Surekha Ragavan
May 21, 2021

What does a ‘diverse’ typeface look like?

Content agency Distillery has developed a new typeface in collaboration with hundreds of creatives around the world.

What does a ‘diverse’ typeface look like?

In conjunction with World Diversity Day today (May 21), content studio Distillery launched the “world's first truly diverse typeface”. What exactly does that mean, you ask?

Well, the agency approached over 308 creatives across 23 ethnicities and 54 countries to contribute ideas with the aim of breaking away from the “consistency, uniformity, and sameness” of fonts often used in branding and creative work. The agency asked each contributor to present a letter design that represents their individual beliefs and values.

After allowing six weeks for contributors to send in ideas, the agency then combined the best submissions into a downloadable font for anyone to use. We like the part that proceeds from each download go to one of three charity partners, one of which includes the Disasters Emergency Committee. It’s unclear what criteria is used to determine ‘best submissions’, as is the make-up of the panel judging this.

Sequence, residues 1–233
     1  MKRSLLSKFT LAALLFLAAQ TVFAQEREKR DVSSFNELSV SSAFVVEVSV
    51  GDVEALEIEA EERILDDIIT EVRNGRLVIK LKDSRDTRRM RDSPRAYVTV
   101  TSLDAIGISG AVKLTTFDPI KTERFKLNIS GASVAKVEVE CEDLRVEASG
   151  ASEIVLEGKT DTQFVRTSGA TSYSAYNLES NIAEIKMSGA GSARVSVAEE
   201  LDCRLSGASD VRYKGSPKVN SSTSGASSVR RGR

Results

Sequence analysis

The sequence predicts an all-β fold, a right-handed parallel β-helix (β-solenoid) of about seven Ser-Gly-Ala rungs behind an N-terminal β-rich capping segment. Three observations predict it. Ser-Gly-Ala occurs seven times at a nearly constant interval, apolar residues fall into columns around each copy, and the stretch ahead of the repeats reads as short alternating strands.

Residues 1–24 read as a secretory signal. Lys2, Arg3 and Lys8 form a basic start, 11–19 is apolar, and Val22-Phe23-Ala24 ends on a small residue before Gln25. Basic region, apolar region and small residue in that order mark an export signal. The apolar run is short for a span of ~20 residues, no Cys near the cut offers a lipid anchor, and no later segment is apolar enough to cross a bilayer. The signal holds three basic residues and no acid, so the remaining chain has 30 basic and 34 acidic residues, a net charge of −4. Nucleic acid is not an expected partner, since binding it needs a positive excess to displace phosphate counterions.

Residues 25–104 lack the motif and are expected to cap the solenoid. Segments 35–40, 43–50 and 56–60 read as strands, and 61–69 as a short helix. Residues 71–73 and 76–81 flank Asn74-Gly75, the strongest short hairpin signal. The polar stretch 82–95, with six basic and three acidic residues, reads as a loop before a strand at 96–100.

The agency is calling for brands to use the typeface this week in their logos, brand slogans, website headers, social comms, internal comms, and more. It went on to say that “the simple integration of a typeface is a demonstration of support and unity in celebrating diversity. Using the typeface is an act of inclusion”.

In a statement it added: “In the typeface, diversity is shown through the variety of people who have contributed. Inclusion is then how we weave the typeface into society and give those people a voice.”

Campaign's take: A new original typeface is all very well, but to equate using it to an “act of inclusion” may be a step too far. Let’s not kid ourselves, it’s a typeface. Perhaps real industry-driven inclusivity looks more like an initiative that incorporates POC-driven ideas in creative work all year round. Oh, and maybe paying POC creatives equitable wages. Again, we’re not against the idea of a new font and we do commend the agency for a decent symbolic initiative whose proceeds go to charity, but let’s not confuse it with actions-driven inclusivity. Nor should we dilute the real-world impact of actual inclusivity. 

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